by Carolyn Martinez
Between Before and After by Edita Mujkić is a manuscript that affected me.
Sarajevo and Bosnia seemed so far removed from my life in Australia that I wasn’t expecting to personally connect with the material in an intimate way. But then I read about a mother of two living a life very like mine, doing things I do—habits, routines, work, environment, social life, family responsibilities.
It all resonated with my life in Stafford Heights in sunny Queensland, Australia.
I read of a wife and mother of two children who felt like I do about my husband, and kids, and extended family. She could have been me.
A normal life reversed
And then overnight, without warning, snipers—made up of former acquaintances, maybe even friends—were in the hills surrounding their home, killing them as they walked in the streets. Killing them!
People they used to smile hello to at the corner store and post office – neighbours – were hiding in the hills, looking through viewfinders, pulling triggers.
It was unthinkable.
And just as I would have, Edita knew that other democratic countries just like them wouldn’t let it happen. Help would arrive soon.
But it didn’t…
‘Your heart will inhale every sentence…’
Through her book, Between Before and After, Mujkić is a compelling voice in important historical literature.
Debut memoir authors often make the mistake of thinking that readers need to know where they were born, how old they were when they toilet trained, where every scar is on their body and how it got there, what they wear to bed on Sunday nights.
Mujkić makes no such mistake, she takes you straight to the crux of the story and your heart will inhale every sentence as your eyes process the words on the page.
Despite her experiences, maybe even because of, Mujkić embraces living and the over-arching message in her book—“love will conquer everything”.
Refugee stories seem similar but deep down they are all very different. “Each story brings a slightly individual message,” says Mujkić.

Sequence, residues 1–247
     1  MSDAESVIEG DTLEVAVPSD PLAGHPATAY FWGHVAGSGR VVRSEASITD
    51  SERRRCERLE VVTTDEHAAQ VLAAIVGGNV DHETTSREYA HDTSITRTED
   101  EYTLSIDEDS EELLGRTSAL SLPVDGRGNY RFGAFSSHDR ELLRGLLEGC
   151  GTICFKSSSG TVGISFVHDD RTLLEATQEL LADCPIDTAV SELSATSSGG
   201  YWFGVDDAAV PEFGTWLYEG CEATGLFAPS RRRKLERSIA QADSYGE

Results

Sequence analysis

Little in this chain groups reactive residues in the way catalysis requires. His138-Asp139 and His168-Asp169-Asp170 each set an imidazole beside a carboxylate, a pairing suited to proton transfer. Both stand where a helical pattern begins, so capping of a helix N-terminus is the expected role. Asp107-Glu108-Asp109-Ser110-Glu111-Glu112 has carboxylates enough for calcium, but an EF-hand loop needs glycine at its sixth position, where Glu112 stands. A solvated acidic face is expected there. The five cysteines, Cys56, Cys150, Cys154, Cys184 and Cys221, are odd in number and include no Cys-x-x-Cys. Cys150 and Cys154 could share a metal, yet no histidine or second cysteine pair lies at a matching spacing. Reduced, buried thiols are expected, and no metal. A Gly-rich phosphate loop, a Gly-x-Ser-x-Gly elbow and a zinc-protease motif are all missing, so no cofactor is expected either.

Love persists even in war
“My story provides a first-hand account by a Bosnian woman of her escape with two small children from Sarajevo during the Bosnian war and her subsequent attempt to extricate her husband from the besieged city. It focuses on the personal and private tragedy of a single family caught up in the horror and unpredictability of war.
Despite all of this sadness, in the end this story is a happy one. If it wasn’t for mine and my husband’s love for our children and for each other, the story would be different.
Without the love of people who have helped us along the way, our story would be different too. The power of love when everything else fails is what makes our story unique and worth sharing.
It is a universal story of hope for everyone in a difficult situation, to love and persist with the fight for better times.”
It has been 28 years since Mujkić and her husband were reunited after 600 days of involuntary separation.
Those 600 days are a read I recommend you take.
Lived experience through the eyes of this extraordinary woman who had the tenacity to master the art of storytelling in her second language—I am grateful for the change that Between Before and After wrought in me.
I invite you to enjoy and support this important book. I suspect you weren’t expecting the word “enjoy” but you’ll know what I mean when you turn the final pages and the experience settles over you.
Despite war, natural beauty remains
Mujkić says that Bosnia and Herzegovina is still as naturally beautiful a country as it was before the war. “Sarajevo is a charming city where East meets West, both in the architecture and in the cuisine. The foreigners who were lucky to be placed in Sarajevo with their jobs love the atmosphere and the food. A huge amount of effort and money has been invested in repairing the war damage and reconstructing buildings that were almost completely ruined. Unfortunately, the economy has never recovered and while many families have restored their pre-war living standard, many have not.’
Maybe one day I’ll get to see Bosnia and Herzegovina in person to retrace some of the steps in this book that changed me.